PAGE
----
Exoplanets Scavenger Hunt

Travel into deep space in search of strange and unusual planets that lurk beyond our solar system, known as exoplanets. Are you a junior explorer or a rocket scientist? Take our exoplanet quiz and find out how you rank!

More Info / References

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1. The basics

What is an exoplanet?

An exoplanet is any planet beyond our own solar system. We know that there are more planets than stars in our galaxy and so far we've found thousands of them.
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2. Galaxy

Image: NASA

What is the name of our home galaxy, which includes the Sun, Earth, Mars and all of the known exoplanets?

Image: NASA
Our Milky Way galaxy contains billions of stars and planets and is, in turn, one of billions and billions of galaxies in the universe.
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3. Size

Credit: NASA, ESA and B. Holwerda (University of Louisville)

How big is our galaxy?

Credit: NASA, ESA and B. Holwerda (University of Louisville)
The Milky Way galaxy is thought to be 100,000 light-years across. Our nearest galactic neighbors are the Magellanic Clouds, which include several dwarf galaxies one-millionth the size of the Milky Way. These dwarf galaxies orbit the Milky Way, attracted by the gravity of our large spiral galaxy.
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4. Strange Worlds

Credit: NASA/JPL-Caltech

If you were to "browse planets" in Eyes on Exoplanets, which weird gas-giant exoplanet is shaped like an egg?

Credit: NASA/JPL-Caltech
The doomed planet WASP-12b orbits so close to its parent star, it's being torn apart. It takes this alien world only 1.1 Earth days to completely circle its sun. Almost two times the size of our Jupiter, WASP-12b is a sizzling gas giant whose temperature is approximately 4,000 degrees Fahrenheit (2,210 degrees Celsius). Gravity causes enormous tidal forces that are stretching the planet into the shape of an egg.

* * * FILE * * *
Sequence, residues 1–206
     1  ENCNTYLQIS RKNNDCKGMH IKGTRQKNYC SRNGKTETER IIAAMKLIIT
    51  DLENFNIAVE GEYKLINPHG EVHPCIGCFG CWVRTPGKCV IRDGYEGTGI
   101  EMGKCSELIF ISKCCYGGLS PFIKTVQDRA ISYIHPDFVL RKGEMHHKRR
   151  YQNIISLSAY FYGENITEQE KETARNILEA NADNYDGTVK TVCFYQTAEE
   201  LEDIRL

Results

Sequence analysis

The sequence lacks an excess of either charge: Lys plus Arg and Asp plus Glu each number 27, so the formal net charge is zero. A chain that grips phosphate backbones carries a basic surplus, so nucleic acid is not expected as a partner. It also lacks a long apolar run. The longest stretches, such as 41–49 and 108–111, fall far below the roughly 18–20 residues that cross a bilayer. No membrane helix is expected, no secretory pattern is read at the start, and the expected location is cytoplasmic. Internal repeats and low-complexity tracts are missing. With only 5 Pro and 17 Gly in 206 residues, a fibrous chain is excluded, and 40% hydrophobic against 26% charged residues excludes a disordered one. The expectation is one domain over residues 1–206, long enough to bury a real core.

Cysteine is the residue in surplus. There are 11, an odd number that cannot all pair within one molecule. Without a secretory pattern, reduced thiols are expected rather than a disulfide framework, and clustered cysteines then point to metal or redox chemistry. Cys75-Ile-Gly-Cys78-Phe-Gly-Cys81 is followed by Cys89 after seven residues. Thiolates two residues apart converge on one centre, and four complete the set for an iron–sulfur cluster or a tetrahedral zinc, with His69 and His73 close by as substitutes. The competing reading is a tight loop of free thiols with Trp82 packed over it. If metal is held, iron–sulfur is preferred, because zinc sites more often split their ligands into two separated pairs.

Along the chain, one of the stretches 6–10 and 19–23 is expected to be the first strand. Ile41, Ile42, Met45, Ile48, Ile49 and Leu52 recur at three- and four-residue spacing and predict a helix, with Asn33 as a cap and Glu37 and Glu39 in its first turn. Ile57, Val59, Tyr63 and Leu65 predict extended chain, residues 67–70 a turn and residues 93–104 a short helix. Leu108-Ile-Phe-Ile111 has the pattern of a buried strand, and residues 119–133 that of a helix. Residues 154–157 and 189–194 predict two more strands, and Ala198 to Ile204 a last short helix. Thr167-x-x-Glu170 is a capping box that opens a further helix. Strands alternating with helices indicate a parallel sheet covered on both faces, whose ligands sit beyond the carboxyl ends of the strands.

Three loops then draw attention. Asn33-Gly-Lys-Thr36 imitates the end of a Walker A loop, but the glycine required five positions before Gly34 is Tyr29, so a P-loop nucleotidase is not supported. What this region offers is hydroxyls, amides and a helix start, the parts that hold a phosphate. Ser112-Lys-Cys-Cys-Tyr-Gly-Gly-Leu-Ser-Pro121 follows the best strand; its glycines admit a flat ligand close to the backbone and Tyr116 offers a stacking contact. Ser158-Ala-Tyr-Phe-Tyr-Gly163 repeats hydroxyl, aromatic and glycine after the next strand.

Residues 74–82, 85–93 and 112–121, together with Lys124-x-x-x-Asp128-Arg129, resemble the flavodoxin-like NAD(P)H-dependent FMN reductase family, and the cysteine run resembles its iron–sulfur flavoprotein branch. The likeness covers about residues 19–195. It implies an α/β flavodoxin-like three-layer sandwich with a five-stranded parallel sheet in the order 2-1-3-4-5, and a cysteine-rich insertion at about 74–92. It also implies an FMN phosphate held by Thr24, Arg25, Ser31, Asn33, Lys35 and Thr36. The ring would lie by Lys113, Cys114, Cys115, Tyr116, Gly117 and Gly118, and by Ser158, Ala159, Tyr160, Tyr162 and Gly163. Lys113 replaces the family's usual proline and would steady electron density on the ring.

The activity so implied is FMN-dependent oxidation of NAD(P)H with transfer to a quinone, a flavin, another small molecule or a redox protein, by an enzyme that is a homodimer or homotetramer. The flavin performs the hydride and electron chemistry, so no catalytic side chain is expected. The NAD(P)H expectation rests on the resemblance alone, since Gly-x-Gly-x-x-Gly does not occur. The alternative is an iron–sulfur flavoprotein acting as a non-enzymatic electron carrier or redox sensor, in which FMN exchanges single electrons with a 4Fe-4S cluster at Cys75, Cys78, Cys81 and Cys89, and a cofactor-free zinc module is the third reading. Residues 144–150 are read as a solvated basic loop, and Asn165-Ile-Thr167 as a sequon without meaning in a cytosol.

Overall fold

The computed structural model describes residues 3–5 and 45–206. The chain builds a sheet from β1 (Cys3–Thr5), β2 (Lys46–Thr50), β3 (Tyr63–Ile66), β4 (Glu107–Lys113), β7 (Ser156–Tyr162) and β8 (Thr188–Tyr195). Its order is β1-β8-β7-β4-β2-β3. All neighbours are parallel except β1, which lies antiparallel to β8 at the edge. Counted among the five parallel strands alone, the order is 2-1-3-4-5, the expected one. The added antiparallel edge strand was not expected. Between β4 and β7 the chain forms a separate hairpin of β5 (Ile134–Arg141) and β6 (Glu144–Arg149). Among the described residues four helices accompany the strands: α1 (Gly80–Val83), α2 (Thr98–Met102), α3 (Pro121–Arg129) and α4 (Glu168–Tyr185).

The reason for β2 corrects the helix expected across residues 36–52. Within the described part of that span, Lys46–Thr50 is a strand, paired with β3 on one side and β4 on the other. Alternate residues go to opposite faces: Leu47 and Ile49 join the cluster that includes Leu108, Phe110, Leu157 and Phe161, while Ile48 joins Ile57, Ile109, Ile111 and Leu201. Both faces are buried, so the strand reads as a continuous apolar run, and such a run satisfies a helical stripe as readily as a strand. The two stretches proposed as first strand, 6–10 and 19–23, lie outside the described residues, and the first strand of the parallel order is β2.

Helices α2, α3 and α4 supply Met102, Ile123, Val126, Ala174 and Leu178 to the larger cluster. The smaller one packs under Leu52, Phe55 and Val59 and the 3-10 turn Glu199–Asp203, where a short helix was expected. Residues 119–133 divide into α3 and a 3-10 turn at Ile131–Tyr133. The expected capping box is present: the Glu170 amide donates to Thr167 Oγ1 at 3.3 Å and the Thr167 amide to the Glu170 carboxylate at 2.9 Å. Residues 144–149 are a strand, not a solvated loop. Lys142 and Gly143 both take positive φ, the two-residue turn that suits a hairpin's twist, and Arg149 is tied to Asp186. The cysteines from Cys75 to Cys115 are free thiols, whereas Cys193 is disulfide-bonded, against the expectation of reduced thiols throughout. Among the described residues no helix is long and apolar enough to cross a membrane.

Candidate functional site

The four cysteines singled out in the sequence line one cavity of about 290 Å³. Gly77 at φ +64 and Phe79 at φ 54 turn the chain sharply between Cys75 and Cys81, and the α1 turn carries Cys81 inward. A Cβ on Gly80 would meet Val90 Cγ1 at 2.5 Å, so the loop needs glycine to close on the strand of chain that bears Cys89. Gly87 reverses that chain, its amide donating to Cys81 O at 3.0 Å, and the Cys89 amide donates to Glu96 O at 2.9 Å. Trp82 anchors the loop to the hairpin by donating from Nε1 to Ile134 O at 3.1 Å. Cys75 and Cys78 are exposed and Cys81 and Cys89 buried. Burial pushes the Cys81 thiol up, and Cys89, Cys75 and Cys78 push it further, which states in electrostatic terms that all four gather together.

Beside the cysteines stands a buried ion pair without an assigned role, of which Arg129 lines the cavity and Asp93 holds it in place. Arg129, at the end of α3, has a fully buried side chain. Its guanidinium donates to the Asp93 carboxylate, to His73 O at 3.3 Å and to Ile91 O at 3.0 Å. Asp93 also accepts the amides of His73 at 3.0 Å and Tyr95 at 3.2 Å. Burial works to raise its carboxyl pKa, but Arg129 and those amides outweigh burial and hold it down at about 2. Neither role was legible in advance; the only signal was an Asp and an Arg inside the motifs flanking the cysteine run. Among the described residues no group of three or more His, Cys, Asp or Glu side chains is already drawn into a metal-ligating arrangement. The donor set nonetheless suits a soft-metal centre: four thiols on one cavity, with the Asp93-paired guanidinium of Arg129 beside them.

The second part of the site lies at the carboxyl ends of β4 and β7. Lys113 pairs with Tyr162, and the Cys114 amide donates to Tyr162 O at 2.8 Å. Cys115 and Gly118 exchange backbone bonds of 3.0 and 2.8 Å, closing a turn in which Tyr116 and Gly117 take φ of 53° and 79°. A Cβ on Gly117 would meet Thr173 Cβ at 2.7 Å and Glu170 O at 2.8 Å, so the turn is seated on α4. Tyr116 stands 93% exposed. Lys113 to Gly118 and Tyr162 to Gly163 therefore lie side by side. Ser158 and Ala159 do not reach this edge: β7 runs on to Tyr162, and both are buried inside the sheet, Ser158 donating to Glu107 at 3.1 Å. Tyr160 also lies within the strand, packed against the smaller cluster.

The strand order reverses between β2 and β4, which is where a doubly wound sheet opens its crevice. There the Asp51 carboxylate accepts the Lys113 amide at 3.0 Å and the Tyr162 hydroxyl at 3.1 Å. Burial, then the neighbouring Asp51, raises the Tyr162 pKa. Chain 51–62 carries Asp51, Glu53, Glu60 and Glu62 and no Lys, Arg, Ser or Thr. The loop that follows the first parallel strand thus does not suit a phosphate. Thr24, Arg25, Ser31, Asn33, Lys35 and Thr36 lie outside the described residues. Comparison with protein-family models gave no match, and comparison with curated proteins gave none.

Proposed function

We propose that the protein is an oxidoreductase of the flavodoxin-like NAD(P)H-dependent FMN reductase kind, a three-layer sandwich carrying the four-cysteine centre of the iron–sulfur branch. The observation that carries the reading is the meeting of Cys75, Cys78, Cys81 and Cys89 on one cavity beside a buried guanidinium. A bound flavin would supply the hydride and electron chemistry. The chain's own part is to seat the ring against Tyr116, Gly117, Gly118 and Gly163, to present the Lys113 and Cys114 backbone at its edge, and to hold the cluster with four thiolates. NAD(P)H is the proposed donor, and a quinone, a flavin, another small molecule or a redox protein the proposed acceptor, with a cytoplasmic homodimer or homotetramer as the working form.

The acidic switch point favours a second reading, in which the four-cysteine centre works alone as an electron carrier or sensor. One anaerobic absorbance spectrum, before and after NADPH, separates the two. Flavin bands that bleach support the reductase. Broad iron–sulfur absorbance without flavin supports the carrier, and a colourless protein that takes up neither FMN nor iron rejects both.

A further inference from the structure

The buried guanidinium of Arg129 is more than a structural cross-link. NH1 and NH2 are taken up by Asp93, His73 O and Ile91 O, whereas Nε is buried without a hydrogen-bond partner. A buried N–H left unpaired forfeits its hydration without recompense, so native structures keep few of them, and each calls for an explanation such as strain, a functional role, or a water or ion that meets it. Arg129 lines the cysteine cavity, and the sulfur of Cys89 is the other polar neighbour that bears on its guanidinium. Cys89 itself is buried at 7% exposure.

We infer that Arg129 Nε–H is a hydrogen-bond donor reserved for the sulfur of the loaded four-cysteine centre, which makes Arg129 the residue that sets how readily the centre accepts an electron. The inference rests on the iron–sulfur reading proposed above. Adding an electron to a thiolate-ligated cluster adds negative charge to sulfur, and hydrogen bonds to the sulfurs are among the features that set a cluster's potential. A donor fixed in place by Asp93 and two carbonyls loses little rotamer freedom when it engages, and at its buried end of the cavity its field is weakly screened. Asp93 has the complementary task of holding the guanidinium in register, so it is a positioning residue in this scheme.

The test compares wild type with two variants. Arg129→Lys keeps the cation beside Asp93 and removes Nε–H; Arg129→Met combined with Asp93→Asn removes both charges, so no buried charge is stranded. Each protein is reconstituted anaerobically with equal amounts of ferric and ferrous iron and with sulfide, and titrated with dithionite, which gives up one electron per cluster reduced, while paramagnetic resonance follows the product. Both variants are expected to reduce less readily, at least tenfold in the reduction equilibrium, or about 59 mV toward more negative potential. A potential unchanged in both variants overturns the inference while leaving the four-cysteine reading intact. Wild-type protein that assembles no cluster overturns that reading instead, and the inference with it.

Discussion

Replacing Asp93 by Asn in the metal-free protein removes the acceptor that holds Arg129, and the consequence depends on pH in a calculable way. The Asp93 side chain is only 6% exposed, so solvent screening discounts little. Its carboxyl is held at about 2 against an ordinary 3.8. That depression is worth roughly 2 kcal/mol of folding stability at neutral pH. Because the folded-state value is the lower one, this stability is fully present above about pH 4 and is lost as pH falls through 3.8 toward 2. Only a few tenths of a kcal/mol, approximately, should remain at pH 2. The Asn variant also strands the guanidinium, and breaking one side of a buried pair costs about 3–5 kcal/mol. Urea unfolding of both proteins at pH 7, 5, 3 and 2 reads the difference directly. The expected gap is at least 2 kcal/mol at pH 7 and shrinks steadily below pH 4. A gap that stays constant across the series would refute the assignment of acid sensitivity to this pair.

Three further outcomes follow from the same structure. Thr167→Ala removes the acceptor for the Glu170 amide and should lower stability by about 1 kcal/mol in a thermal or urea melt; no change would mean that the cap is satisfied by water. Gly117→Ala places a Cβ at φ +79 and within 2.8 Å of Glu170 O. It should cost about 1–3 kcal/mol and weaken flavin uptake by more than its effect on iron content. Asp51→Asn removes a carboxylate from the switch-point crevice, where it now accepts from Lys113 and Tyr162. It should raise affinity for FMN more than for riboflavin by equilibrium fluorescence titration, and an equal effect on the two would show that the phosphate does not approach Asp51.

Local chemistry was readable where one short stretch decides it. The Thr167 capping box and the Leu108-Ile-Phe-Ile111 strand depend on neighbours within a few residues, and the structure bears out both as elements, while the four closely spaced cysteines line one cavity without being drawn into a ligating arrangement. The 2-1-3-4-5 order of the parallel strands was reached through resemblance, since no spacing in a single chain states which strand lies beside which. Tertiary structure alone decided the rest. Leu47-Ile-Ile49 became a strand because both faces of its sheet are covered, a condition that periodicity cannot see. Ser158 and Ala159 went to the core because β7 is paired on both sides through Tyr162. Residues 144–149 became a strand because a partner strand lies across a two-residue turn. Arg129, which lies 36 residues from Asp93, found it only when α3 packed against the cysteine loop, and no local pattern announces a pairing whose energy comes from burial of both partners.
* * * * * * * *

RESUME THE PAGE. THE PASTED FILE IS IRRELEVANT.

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5. Planet types

Credit: NASA/JPL-Caltech

How many types of exoplanets can you search in Eyes on Exoplanets?

Credit: NASA/JPL-Caltech
You can search discoveries by All; Gas Giant; Neptune-like; Super-Earth and Terrestrial.
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6. Missions

Credit: NASA

How many space telescopes, called missions, can you search in Eyes on Exoplanets?

Credit: NASA
Observations from the Kepler Space Telescope were used to discover most of the exoplanets we know of so far. It retired in 2018, but astronomers are still using its data to find planets. NASA launched the TESS spacecraft in 2018 and it is currently looking for even more exoplanets. You can also search for planets found by Hubble and the Spitzer Space Telescope (tip: look under Missions in the upper right and also search Observatories for ground-based telescopes).
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7. TESS

Credit: NASA's Goddard Space Flight Center

How many planets found by the TESS space telescope have been confirmed?

Credit: NASA's Goddard Space Flight Center
As of March, 2019, astronomers had found more than 40 exoplanets using data from the TESS space telescope. There are more than 1,700 exoplanet candidates that await confirmation.
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8. Sizes

Credit: NASA

Can you compare the size of the Hubble Space Telescope to a school bus? Or to a human scientist in Eyes on Exoplanets? (Tip: "Missions" is full of information!)

Credit: NASA
Yes! You can see Hubble compared with a school bus or a scientist. Hubble is 43.5 feet long (13.2 m) and 14 feet wide (4.2 m) at the back, where the scientific instruments are housed. Weighing about 27,000 pounds (12,246 kg), the telescope is approximately the same size and weight as a school bus. And it's much bigger than a scientist.
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9. Super!

Credit: NASA/JPL-Caltech

There are many types of exoplanets. What is a Super-Earth and how many have been discovered?

Credit: NASA/JPL-Caltech
Super Earths are potentially rocky worlds, larger than Earth. So far, we've discovered more than 1,200 of these type of exoplanets.